To further confirm that the quantized latent representation can be used to replace the original latent representation, we plotted the distributions of the latent representations before and after applying bit quantization in Fig. 7. The lighter green bins represent the feature before Qualatent is applied, and the darker green bins represent the feature after Qualatent is applied. We can see that the darker green bins cover the range of the lighter green bins well, indicating that we can use the quantized latent feature to replace the original latent feature.

3.2.2 Compensation of Audio-Visual Asynchronization

(a) Synchronous audio and visual data.
(b) Asynchronous audio and visual data.
Figure 8: Synchronous and asynchronous audio and visual data.

Multimodal data asynchronization is a common issue in multimodal learning. We also encountered this problem when implementing the AVSE system. The ideal situation is that the audio and visual data are precisely synchronized in time. Otherwise, the ancillary visual information may not be helpful or may even worsen the SE performance. Fig. 8 shows the synchronous and asynchronous situations of audio and visual data. Owing to audio-visual asynchronization, the video frames are not aligned with the speech well. In this study, we propose a data augmentation approach to alleviate this audio-visual asynchronization issue. The main idea is to artificially simulate various asynchronous audio-visual data to train the AVSE systems.

3.2.3 Zero-Pad Training

(a) Low-quality lip images.
(b) Low-quality latent features.
Figure 9: Low-quality visual data.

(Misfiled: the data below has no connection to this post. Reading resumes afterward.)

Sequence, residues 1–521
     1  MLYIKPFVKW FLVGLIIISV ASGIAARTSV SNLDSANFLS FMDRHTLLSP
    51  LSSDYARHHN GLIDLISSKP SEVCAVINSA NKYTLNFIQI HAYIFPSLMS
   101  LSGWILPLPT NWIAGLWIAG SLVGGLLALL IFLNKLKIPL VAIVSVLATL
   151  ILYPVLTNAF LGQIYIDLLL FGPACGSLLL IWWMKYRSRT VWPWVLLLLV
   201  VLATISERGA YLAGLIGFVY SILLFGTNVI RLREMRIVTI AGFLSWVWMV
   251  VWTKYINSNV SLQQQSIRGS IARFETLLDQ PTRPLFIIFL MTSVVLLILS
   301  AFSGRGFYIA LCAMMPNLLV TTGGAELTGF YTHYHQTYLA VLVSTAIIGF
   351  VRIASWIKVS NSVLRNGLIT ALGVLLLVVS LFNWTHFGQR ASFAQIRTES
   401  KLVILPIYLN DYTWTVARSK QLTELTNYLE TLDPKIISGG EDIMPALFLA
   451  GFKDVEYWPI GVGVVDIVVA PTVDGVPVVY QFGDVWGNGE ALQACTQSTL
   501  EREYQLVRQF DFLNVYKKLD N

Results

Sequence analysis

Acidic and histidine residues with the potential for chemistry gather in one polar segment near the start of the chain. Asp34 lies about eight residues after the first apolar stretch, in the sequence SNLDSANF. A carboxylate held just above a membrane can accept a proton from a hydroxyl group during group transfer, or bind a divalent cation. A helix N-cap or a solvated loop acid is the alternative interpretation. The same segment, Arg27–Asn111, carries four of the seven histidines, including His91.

Because visual data are regarded as an auxiliary input to the AVSE systems, a necessary requirement is that low-quality visual conditions will not degrade the SE performance. In use with poor lighting conditions, such as in a tunnel or at a night market, the quality of video frames may be poor. In Fig. 8(a), which shows an example, where a segment of frames (in the middle region) has very poor quality. Using the entire video frames directly may degrade the AVSE performance. To overcome this problem, we intend to let iLAVSE dynamically decide whether video data should be used. More specifically, when the quality of a segment of image frames is poor (which can be determined using an additional light sensor), iLAVSE can directly discard the visual information. In this study, we prepare the training data by replacing the visual latent features of low-quality frames with zero, as shown in Fig. 8(b). In this way, iLAVSE can perform SE based on only audio input without considering visual information, when the video frames are in low quality. Note that this study only considered that a low-quality situation occurs in a consecutive segment of frames, not in sporadic frames. However, it is believed that the proposed zero-pad training method is suitable for different low-quality visual data scenarios.

4 Experiments

This section presents the experimental setup and results. Two standardized evaluation metrics were used to evaluate the SE performance: perceptual evaluation of speech quality (PESQ)

Rix et al. and short-time objective intelligibility measure (STOI) Taal et al. (2011). PESQ was developed to evaluate the quality of processed speech, and the score ranged from -0.5 to 4.5. A higher PESQ score indicates that the enhanced speech has better speech quality. STOI was designed to evaluate the speech intelligibility. The score typically ranges from 0 to 1. A higher STOI value indicates better speech intelligibility.

(a) Audio-only SE.
(b) Dual-path-audio-only SE.
Figure 10: Architectures of two audio-only SE systems.